4. In the Create/Edit User dialog box, click Apply, then click Close.

Expiring a User Password

When you expire a user password, the user is prompted to change the password at the next login. Reasons to expire a password include the following:

  • A user password becomes compromised.

  • You have a security policy in place that requires users to change their passwords on a regular basis.

  • A user has forgotten his or her password.

    In this case, you alter the user account, assign a new temporary password, and expire the password. The user then logs in with the temporary password and is prompted to choose a new password.

    See "Altering Users" for more information.

Example: Expiring a Password

Suppose Nick's password becomes compromised, and you want to assign him a new one. The easiest way to do this is to expire his current password. The next time that Nick logs in with the compromised password, he is prompted to choose a new password.

To expire Nick's password:

  1. In the SQL Developer Connections navigator, expand the SYSTEM connection and right-click the Other Users node.

  2. Right-click NICK and select Edit User.

  3. In the Create/Edit User dialog box, in the User tab, select (check) Password expired (user must change next login).

  4. In the Create/Edit User dialog box, click Apply, then click Close.

Dropping Users

Dropping a user removes the user from the database. Before you can drop a user, you must first drop all the user's schema objects. Or, you can use the cascade feature of the drop operation, which simultaneously drops a user and also that user's schema objects. The following are two alternatives to dropping a user and losing all the user's schema objects:

Caution:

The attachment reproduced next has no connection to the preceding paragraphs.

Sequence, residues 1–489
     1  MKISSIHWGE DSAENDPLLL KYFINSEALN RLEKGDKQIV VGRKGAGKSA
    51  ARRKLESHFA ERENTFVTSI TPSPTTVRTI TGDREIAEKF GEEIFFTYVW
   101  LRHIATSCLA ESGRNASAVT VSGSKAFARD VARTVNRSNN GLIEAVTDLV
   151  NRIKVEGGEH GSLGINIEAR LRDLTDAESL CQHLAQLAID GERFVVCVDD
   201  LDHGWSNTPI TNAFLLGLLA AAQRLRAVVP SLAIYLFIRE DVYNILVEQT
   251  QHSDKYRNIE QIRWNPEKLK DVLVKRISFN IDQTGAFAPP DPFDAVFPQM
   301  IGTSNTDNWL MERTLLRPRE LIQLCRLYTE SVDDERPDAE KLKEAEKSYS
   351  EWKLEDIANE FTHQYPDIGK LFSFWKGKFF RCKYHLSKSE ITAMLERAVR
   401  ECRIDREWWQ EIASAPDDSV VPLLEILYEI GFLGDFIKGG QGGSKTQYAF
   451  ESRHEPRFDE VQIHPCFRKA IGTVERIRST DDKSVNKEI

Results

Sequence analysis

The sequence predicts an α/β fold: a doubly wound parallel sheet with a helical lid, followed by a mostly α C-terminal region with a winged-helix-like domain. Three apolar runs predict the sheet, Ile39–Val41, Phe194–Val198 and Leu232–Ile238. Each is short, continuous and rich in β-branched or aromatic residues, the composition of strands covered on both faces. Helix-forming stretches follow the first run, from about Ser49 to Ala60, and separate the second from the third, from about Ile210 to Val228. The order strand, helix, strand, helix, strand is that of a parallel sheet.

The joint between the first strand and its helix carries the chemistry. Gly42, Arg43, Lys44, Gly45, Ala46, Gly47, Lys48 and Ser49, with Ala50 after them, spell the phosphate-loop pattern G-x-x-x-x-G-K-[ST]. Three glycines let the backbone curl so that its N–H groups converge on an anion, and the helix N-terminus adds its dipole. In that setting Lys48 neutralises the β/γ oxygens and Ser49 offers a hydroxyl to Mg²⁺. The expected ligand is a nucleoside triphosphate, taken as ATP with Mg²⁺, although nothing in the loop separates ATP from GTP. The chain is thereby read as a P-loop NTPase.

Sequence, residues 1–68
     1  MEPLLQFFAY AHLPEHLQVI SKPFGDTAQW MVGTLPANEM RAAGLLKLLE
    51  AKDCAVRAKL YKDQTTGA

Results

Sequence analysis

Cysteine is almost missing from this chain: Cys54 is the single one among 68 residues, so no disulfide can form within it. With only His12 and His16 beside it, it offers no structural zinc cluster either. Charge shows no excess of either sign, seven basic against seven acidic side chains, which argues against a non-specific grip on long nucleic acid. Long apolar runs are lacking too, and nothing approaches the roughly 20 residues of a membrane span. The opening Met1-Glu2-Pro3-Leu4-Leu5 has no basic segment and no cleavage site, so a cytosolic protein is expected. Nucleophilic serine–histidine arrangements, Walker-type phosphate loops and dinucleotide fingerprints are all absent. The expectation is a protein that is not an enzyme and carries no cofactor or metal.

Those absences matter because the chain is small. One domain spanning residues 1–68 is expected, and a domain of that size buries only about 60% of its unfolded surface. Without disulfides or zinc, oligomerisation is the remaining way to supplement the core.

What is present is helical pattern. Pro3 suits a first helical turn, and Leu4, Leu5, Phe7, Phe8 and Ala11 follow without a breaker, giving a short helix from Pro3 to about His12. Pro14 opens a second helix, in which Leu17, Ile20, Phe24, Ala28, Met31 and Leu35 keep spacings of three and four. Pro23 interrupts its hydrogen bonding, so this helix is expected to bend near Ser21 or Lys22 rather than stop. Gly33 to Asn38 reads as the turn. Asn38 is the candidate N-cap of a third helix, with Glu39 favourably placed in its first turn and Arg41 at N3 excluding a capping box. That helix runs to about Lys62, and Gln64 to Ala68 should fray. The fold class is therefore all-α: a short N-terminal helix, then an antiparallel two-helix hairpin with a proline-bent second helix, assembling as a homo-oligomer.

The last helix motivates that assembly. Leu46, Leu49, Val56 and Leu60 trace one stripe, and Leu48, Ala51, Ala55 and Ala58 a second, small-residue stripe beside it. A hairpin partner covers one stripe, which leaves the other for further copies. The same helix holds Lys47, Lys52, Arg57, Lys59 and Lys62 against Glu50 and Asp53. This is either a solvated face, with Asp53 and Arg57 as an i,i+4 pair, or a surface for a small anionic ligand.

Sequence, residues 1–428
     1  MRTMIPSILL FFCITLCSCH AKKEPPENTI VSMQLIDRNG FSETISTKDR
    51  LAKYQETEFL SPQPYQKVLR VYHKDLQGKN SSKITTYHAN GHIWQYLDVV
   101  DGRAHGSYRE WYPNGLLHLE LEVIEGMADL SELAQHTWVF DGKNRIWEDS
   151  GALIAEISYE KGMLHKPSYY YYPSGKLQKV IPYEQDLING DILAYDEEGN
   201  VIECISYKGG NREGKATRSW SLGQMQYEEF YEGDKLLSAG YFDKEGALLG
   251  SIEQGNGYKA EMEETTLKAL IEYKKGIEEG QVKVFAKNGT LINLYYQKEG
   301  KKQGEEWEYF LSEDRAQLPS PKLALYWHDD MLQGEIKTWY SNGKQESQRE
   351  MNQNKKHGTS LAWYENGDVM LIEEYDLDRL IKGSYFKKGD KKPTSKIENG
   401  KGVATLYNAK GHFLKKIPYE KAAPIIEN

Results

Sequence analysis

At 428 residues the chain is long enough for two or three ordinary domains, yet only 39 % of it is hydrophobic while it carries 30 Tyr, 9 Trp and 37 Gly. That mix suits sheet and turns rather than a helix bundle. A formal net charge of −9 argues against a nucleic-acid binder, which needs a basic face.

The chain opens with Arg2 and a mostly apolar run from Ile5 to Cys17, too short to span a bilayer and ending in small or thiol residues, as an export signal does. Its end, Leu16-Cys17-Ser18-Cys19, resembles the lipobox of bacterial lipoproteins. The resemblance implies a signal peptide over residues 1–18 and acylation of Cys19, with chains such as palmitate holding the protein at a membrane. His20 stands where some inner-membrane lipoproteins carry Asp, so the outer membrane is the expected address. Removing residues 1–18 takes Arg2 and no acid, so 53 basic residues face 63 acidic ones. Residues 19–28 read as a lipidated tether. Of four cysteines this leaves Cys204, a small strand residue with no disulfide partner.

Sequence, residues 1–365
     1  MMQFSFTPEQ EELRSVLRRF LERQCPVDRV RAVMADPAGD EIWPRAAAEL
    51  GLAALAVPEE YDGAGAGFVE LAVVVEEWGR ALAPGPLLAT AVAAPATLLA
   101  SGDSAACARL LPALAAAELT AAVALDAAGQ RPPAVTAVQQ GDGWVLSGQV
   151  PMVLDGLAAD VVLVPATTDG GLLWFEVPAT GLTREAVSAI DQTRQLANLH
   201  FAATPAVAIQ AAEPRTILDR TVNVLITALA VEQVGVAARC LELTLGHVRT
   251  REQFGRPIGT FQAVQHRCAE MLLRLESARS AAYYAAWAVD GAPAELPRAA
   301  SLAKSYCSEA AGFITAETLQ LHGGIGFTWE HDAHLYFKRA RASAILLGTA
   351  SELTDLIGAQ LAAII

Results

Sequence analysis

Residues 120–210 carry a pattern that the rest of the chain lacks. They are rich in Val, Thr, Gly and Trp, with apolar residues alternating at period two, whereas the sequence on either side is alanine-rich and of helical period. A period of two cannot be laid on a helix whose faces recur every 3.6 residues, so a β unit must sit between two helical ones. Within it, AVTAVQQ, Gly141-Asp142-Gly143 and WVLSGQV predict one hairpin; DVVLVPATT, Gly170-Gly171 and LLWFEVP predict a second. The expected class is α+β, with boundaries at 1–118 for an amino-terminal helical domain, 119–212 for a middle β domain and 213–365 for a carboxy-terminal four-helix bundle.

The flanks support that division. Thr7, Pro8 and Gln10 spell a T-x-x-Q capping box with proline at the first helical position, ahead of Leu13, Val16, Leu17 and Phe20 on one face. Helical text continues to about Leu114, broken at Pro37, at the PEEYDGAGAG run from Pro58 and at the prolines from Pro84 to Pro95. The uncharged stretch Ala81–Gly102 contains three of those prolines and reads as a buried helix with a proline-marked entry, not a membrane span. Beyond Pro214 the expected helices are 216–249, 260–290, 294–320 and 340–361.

Under no circumstances should you attempt to drop the SYS or SYSTEM users, or any other internal user accounts. Doing so could cause Oracle Database XE to malfunction.

Example: Dropping a User

Suppose Nick's project is canceled and Nick takes a position in another department. You want to drop the user NICK and all associated schema objects.

To drop user NICK and all his owned schema objects:

  1. In the SQL Developer Connections navigator, expand the SYSTEM connection and right-click the Other Users node.

  2. Right-click NICK and select Drop User.

  3. In the Drop User dialog box, (check) Cascade

    This indicates that you want to drop the user's schema objects also. If the user has schema objects and you do not select this option, you receive an error message if you attempt to complete the drop operation.

  4. In the Drop User dialog box, click Apply.

User Accounts Reference

This section provides reference information for managing user accounts. It covers the following topics:

Predefined User Accounts

Table 7-3 lists the Oracle Database XE predefined user accounts. Many of these accounts are internal accounts. You must not drop internal accounts, and with the exception of the accounts SYS and SYSTEM, you must not attempt to log in with an internal account.

Table 7-3 Oracle Database Express Edition Predefined User Accounts

User Account Name Purpose

ANONYMOUS

Internal. Used for anonymous HTTP access to the database. Required by the Oracle Database XE graphical user interface. This account must remain unlocked. The account password is set upon installation (Windows) or configuration (Linux). For optimal security, avoid changing the password for this account.

CTXSYS

Internal.

DBSNMP

Internal.

DIP

Internal.

FLOWS_version

Internal.

FLOWS_FILES

Internal.

HR

For the HR sample schema. This account is initially expired and locked.

MDSYS

Internal.

OUTLN

Internal.

SYS

Owns the data dictionary base tables and views. The account password is set upon installation (Windows) or configuration (Linux).

SYSTEM

Log in with this account to perform routine database administration. The account password is set upon installation (Windows) or configuration (Linux).

TSMSYS

Internal.

XDB

Internal.